Russia’s Impending Invasion of Ukraine and What This Reveals About Russian Strategy

December 12, 2021 Updated: December 12, 2021

Commentary

President Joe Biden’s talk with Russian President Vladimir Putin seems to have had no impact on Putin’s plans to threaten—and likely invade Ukraine.

A day after Biden threatened economic sanctions and military supplies for Ukraine and nearby NATO allies, tens of thousands of Russian soldiers, tanks, and artillery remain at Ukraine’s border.

As one Kremlin foreign policy advisor told reporters after the call, “Sanctions aren’t something new. They have been in place for a long time and will not have any effect.” It seems clear that Russia is not threatened by Biden and doesn’t believe he has the will to do anything serious if (read when) Ukraine is invaded.

Indeed, Russia is set to send more than 175,000 troops to the Ukrainian border come next year. Putin, as well as pro-Kremlin media outlets, say that the increased military presence is the fault of Ukraine and NATO. Prior to their meeting, Putin was demanding that the United States guarantee that Ukraine will not become a member of NATO or be occupied by the militaries of any NATO members.

With the world watching, Russia is flexing its muscles. Many are becoming increasingly aware of the threat that Russia poses—and the apparent ineffectiveness of the Biden White House. The Biden administration has said an invasion will come at a cost to Russia. However, the only concrete thing to come out of Tuesday’s call was that envoys will be named to keep the conversation going. Putin doesn’t seem to be worried.

On a recent episode of my podcast, Newt’s World, I was able to sit down with Rebekah Koffler to discuss the threat Russia poses to Ukraine and the United States. As someone who was born in Russia and spent years working with the Defense Intelligence Agency and the Central Intelligence Agency, Rebekah is uniquely qualified to investigate this issue. In her new book, “Putin’s Playbook: Russia’s Secret Plan to Defeat America,” Koffler outlines how the former KGB officer thinks and how Russia can gradually bring an end to America through psychological warfare, military prowess, and cyber warfare.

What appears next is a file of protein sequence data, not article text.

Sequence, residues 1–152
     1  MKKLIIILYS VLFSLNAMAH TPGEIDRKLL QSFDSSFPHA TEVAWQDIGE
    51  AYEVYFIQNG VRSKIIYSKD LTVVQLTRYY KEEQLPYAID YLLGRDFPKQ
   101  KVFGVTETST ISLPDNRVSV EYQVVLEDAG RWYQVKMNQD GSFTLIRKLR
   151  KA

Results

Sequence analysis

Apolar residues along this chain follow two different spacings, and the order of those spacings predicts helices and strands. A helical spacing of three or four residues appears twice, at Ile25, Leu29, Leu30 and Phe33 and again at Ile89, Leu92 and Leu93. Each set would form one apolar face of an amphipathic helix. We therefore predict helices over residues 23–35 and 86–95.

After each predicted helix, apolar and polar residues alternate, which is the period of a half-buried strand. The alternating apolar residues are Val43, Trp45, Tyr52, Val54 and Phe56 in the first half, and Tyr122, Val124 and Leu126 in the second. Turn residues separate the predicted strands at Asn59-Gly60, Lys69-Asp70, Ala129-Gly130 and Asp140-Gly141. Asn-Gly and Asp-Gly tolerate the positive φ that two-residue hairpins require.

On my podcast, Koffler explained Russian strategy is centered around three ideas: building its military, keeping opponents guessing, and destabilizing adversaries psychologically. This is Putin’s plan—a plan that he was executing even as he and President Biden spoke.

While Koffler does not believe Russia will attempt to invade the entire country of Ukraine, she does believe that Ukraine is the “real game.” The Russians—and Putin in particular—want to reestablish the Soviet Union.

The only question remaining is: How tough is Biden willing to be?

From Gingrich360.com

Views expressed in this article are the opinions of the author and do not necessarily reflect the views of The Epoch Times.

Newt Gingrich, a Republican, served as House speaker from 1995 to 1999 and ran as a presidential candidate in 2012.